Yeah, we started getting caught up in the breeze, especially when the dope started flowing, dope, Frankie the first in the neighborhood to “connect” got his first ounce of “grass” from a cousin over in South Boston far away in culture if not miles from the Beacon Hill or Harvard Square hip scenes but a place like many edgy places where flophouses, day labor, chronic unemployment and the “wanting habits” meet. That cousin had heard about the grapevine forming and started doing business with those far from hip scenes, guys who just wanted new kicks, mostly. Guys like us. (Funny, we all, maybe you did too, coughed our brains out the first couple of times we inhaled from the rawness of the smoke although most of us then were cigarette smokers so had inhaled smoke but this was something different, something to smooth you out). So we got hip to dope, maybe a little after the hipsters, later than the college Joes but we got there well before most people even knew what dope was, except to be shunned, got hip too to stuff like longer hair and beards which we didn’t pick up from the Beatles or anything like that but through Markin’s look after he spent some time in Harvard Square and started wearing his hair a little longer at the end of senior year. If you look at our high school yearbook (photographs taken the summer after junior year) you will see nothing but short “boy’s regular” clean shaven guys page after page.  (That hair thing driving his mother, Delores, a stern, un-relenting type filled with angst about airing the family’s “dirty linen” in public, filled with endless  sorrows about her downwardly mobile place in the town pecking order where she had grown up, crazy and later other mothers, including mine when I let mine grow longer, adding to the chorus, Jesus, Ma). Jack Dawson was the first on the beard stuff and he looked pretty good, looked like something out of an old sepia photograph of our great-grandfathers, all stately and Brahmin-like, all like photographs by Matthew Brady of Civil War generals. Markin tried to grow some wispy thing that never grew more than stubble and got nothing but laughs from us for his efforts. Later on the road his did fill in and he looked like some Old Testament prophet, like John Brown one of his heroes all avenging angel smiting down the “life-destroyers,” and maybe he was, although still later from that Danny Ding report I would have thought his unkempt beard would have made him look like he just got out of a mental hospital.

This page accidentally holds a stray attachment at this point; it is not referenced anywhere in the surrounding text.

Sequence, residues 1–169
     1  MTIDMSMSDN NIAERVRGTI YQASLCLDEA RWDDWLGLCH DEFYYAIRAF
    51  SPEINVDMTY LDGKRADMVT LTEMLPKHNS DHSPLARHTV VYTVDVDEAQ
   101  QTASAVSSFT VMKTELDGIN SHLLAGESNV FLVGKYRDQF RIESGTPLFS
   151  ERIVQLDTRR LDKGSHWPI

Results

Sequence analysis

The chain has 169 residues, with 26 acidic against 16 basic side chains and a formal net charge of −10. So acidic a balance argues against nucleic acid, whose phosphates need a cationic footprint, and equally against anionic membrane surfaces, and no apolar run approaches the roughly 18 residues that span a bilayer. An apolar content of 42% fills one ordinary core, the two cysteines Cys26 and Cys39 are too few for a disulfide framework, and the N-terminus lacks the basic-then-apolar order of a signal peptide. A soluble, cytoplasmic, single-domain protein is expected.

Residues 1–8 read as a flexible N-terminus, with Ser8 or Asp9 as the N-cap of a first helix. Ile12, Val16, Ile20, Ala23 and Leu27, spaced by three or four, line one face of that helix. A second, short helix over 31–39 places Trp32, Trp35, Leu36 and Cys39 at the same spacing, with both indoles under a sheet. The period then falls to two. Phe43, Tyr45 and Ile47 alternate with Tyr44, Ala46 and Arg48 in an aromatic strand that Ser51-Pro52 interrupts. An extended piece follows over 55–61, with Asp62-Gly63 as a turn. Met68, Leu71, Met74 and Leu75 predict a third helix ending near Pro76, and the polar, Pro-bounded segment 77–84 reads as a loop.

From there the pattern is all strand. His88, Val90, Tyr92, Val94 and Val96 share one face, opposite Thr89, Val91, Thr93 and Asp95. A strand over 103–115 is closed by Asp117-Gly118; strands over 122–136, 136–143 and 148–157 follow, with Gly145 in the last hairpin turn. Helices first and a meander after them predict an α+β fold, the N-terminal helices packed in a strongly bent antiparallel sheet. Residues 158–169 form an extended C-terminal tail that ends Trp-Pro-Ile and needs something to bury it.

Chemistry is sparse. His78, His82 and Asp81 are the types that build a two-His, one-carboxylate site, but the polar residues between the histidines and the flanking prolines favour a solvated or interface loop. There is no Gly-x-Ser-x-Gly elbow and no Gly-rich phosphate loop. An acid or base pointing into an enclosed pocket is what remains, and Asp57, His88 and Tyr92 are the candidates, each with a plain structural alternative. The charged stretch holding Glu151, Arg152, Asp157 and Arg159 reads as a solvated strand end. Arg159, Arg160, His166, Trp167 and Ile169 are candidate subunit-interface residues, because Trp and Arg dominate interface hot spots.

We picked up on stuff too like folk music that Markin would drive us crazy about, would ask us what we thought of Dylan endlessly, Woody Guthrie endlessly, Joan Baez endlessly and a whole bunch of others endlessly that he either heard in one of the coffeehouses where they would play in Harvard Square or on WBZ, a Boston station that had a Sunday night folk music show and which Markin picked up on his old time transistor radio when the airwaves were right. Me, then, now too, could take folk music or leave it, mostly the latter, but come Monday morning during the school year I would “yes, yes” old Markin to death just to keep him from going on and on about the damn thing, some performer with a golden voice, or some record he had picked up second-hand that linked up the mountain music of Appalachia in the 1920s with what was going on then, stuff like that, when what we wanted to hear about is whether a guy did the “do the do” with some honey over the weekend (mostly not, not, “do the do” but guys lied, hell I lied, like crazy and said they did). Stuff like dope, just marijuana mostly that Frankie, like I said was always on the leading edge when it came to highs (hell, he even had us sniffing airplane glue in junior high well before that became a minute fad later). But you have to know this, and I didn’t really get the full weight of what this meant until recently when I felt compelled to write a little something about that Markin bastard and had to think about all the things I knew about him directly and what I picked up from other sources, that Markin was a man of profound contradictions.